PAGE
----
criminal justice agencies to those entities authorized to receive 
information in connection with the issuance of a firearm-related permit 
or license. Under the current regulation such information may be 
provided only ``to Federal, state, or local criminal justice 
agencies.'' Tribal criminal justice agencies are part of the governing 
authority of ``domestic dependent nations'' recognized by the United 
States. The tribes have concurrent criminal jurisdiction within the 
borders of their respective reservations and may issue firearms-related 
permits and licenses. Given that state and local criminal justice 
agencies can access the NICS Index in the course of issuing a permit or 
license, tribal criminal justice agencies should also be permitted to 
conduct NICS background checks to support their issuance of firearms 
related permits and licenses.

Proposal 2: Accessing Records in the System (28 CFR 
25.6(j)(3))

    The second proposal would amend 28 CFR 25.6(j) to authorize access 
to the FBI-maintained NICS Index to permit background checks for the 
purpose of disposing of firearms in the possession of a criminal 
justice agency.
    Under the current regulation, criminal justice agencies are not 
authorized to access the NICS in order to conduct background checks on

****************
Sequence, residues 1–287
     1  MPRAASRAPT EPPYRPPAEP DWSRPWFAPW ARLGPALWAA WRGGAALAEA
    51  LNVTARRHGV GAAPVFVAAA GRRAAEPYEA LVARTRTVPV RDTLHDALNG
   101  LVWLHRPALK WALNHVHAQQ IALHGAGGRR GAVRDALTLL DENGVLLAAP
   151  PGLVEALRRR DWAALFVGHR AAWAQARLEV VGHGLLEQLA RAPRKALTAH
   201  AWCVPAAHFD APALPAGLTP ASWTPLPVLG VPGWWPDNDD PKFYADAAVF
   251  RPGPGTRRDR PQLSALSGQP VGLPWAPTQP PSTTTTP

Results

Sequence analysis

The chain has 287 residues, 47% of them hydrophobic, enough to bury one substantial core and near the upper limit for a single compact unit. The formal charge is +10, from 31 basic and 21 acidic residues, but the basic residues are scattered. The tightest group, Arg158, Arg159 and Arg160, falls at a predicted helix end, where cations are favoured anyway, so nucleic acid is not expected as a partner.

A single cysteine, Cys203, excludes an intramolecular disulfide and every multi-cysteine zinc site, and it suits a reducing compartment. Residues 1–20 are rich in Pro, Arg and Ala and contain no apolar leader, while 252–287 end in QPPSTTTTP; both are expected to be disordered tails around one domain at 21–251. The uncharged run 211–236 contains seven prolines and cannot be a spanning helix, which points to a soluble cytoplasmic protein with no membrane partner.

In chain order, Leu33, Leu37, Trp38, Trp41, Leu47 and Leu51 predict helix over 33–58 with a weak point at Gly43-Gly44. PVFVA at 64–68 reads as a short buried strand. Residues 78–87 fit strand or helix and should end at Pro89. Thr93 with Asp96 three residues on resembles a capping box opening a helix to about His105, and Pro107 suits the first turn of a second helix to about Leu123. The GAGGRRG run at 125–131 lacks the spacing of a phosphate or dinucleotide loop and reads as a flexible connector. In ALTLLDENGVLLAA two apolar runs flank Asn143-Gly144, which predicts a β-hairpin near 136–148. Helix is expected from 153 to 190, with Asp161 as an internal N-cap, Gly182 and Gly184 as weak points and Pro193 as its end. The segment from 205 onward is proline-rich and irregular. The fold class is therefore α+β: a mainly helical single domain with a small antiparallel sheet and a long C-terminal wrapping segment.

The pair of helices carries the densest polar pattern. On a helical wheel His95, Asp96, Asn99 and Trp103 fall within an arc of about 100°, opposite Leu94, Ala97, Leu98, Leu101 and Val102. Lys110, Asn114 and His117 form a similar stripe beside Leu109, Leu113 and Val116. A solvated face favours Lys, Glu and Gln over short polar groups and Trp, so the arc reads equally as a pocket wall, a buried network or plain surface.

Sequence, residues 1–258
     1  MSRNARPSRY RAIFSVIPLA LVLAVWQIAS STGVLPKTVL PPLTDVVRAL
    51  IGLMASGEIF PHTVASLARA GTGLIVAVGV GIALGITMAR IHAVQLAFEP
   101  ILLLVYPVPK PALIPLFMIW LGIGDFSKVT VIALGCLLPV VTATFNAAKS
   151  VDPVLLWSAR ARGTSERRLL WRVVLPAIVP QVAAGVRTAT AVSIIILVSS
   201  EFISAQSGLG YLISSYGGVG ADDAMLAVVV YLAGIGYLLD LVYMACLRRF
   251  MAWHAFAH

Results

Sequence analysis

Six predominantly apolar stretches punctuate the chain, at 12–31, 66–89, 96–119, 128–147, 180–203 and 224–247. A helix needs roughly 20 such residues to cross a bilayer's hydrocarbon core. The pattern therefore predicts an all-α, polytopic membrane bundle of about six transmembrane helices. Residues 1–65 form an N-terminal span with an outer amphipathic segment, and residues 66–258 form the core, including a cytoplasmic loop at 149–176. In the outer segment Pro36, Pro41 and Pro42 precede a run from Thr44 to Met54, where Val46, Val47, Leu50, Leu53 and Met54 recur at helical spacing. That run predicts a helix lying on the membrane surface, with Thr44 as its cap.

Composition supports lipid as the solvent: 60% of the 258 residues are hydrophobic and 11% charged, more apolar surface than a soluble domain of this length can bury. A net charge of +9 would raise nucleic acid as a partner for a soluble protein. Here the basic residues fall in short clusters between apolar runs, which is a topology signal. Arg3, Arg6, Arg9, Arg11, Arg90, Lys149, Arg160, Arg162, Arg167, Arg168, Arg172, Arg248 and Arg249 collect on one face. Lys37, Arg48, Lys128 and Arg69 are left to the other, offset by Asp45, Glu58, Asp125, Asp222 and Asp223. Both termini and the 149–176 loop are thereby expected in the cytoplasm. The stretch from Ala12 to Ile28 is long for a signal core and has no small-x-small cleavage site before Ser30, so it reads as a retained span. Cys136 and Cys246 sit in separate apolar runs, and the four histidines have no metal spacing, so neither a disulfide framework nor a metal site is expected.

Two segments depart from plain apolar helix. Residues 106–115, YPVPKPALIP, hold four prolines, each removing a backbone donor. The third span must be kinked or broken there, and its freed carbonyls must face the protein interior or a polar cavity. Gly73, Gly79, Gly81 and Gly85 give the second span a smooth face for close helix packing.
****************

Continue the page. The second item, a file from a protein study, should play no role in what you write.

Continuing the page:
individuals to whom they intend to transfer firearms in the agency's 
possession that have been recovered, confiscated, or seized. In order 
to ensure that the person to whom the firearm will be transferred is 
not prohibited from possessing a firearm, the Department proposes to 
amend 28 CFR 25.6(j) to authorize criminal justice agencies to access 
the NICS in order to conduct background checks on individuals to whom 
they intend to transfer possession of firearms in the agency's 
possession. To this end, the FBI sought and obtained the concurrence of 
the CJIS Division Advisory Policy Board (APB) (a body created pursuant 
to the Federal Advisory Committee Act, 5 U.S.C. App. 2) to this 
proposed amendment of 28 CFR 25.6(j).
    If a state is currently acting as a Point of Contact (POC) state as 
defined under 28 CFR 25.2, the checks for criminal justice agencies 
within such a state, for the purpose of returning stolen or confiscated 
firearms in the possession of criminal justice agencies, would also be